EU students applying to start courses at English universities in 2017-18 will continue to be eligible for funding for their whole course, the government has guaranteed.
The Department for Education announced the move today, saying that the funding guarantee will mean that “their eligibility will continue throughout their course, even if the UK exits the European Union during that period”.
The move, which also means that EU 2017-18 entrants will have fees capped at the same £9,250 maximum as home students, will “help give universities and colleges certainty over future funding, while assuring prospective students applying to study at one of the UK’s world leading universities that they will not have the terms of their funding changed if the UK leaves the EU during their studies”, the Department for Education said.
Universities had been urging the government to offer EU students starting courses in 2017-18 a guarantee on funding, amid uncertainty caused by the UK’s vote to leave the union.
Jo Johnson, universities and science minister, said: “International students make an important contribution to our world-class universities, and we want that to continue.
“This latest assurance that students applying to study next year will not only be eligible to apply for student funding under current terms, but will have their eligibility maintained throughout the duration of their course, will provide important stability for both universities and students.”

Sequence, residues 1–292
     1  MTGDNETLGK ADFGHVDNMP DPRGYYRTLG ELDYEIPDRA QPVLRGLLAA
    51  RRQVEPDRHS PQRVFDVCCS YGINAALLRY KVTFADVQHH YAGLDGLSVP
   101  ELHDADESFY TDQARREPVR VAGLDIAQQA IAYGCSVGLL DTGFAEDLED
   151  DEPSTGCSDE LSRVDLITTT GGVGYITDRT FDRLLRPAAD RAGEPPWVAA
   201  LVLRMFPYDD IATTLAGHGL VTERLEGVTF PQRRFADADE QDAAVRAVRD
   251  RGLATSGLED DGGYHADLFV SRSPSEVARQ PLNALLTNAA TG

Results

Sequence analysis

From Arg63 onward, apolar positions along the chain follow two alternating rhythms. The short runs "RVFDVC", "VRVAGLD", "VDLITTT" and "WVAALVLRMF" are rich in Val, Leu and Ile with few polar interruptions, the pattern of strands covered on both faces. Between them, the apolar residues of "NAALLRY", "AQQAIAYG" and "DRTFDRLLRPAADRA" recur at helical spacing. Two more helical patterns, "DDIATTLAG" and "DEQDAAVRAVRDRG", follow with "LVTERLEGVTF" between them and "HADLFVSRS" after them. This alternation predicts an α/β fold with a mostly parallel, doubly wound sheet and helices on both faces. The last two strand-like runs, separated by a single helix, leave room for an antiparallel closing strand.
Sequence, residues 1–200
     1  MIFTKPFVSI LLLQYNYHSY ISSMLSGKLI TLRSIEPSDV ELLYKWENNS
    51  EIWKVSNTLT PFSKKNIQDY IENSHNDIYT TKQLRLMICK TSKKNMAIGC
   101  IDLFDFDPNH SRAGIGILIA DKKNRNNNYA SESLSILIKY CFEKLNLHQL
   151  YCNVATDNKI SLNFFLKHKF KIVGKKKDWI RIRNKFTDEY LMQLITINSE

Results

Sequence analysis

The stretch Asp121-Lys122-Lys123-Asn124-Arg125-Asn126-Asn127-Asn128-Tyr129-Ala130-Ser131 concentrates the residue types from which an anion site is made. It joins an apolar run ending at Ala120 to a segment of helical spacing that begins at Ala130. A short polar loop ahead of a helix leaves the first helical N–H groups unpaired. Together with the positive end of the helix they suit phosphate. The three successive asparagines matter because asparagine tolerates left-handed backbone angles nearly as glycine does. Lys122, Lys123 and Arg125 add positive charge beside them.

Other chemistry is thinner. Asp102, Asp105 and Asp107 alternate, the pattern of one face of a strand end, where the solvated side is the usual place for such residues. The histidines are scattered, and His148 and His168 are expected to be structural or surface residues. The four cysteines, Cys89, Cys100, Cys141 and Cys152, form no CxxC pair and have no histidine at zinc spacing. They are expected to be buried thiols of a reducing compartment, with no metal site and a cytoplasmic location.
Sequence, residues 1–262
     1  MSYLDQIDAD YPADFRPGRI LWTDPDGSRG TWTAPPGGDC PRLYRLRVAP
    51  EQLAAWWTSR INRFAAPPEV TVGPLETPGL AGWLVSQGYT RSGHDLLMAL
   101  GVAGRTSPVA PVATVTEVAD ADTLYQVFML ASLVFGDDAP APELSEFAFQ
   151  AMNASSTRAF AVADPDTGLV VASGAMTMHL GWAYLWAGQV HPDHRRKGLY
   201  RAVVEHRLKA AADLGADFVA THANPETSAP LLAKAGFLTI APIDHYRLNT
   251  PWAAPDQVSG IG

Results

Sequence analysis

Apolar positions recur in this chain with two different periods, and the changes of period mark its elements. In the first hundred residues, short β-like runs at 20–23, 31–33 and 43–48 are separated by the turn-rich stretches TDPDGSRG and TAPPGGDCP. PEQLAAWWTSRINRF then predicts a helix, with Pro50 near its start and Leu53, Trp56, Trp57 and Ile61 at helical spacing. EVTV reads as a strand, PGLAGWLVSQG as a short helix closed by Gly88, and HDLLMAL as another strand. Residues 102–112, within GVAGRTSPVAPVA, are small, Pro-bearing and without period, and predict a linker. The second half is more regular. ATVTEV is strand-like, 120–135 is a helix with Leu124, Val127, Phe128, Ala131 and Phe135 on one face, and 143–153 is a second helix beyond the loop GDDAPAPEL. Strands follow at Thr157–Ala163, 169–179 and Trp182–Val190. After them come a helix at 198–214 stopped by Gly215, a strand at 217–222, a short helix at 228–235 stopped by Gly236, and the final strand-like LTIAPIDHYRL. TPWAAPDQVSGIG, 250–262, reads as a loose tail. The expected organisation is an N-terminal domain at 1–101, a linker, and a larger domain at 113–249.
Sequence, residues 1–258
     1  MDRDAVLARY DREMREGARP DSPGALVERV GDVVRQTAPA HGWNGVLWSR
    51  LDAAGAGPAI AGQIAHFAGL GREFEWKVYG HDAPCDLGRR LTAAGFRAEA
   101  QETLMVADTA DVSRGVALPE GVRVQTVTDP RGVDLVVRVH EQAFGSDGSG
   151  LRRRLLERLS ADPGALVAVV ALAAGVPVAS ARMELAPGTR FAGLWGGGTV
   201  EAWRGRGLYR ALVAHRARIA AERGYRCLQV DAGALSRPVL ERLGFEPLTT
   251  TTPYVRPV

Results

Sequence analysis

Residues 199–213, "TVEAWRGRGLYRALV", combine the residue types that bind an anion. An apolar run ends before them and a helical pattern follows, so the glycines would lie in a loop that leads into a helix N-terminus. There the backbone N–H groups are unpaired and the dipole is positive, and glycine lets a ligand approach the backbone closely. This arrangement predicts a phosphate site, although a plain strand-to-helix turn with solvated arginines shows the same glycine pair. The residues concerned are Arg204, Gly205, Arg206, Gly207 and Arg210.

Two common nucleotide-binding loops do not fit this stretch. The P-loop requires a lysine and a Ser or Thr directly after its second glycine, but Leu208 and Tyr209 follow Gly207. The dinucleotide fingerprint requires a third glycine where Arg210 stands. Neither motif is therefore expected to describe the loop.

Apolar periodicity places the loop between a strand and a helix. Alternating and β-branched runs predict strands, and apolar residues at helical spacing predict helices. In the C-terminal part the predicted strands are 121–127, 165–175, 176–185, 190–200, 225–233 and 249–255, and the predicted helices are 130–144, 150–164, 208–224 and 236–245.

Dame Julia Goodfellow, Universities UK president and University of Kent vice-chancellor, said the announcement “provides much-needed clarity for EU students applying to start courses at English universities in autumn 2017”.
She added: “Every effort must now be made to ensure that this announcement is communicated effectively to prospective students across Europe.
“We hope that this announcement by the UK government will be followed by similar reassurances by governments in the devolved nations shortly.”
Dame Julia continued: “European and international students are a valuable part of cultural and academic life on British university campuses and play an important role in UK towns and cities, creating jobs and supporting local businesses.
“Looking ahead, as the government develops plans post-Brexit Britain, a commitment is needed to ensure that students, from Europe and beyond, are able to continue to come to the UK to study without unnecessary bureaucratic burdens.”
Under current rules, EU students are eligible to receive undergraduate tuition fee loans if they have resided in the European Economic Area for at least three years prior to study.
EU nationals who have resided in the UK for more than five years are also able to apply for undergraduate maintenance support and master’s loans.
Today’s announcement means those rules will continue to apply for 2017-18 entrants.
“The migration status of EU nationals in the UK is being discussed as part of wider discussions with the EU as the government works on reaching an agreement protecting the status of EU nationals here and our citizens in Europe,” the Department for Education said in its statement.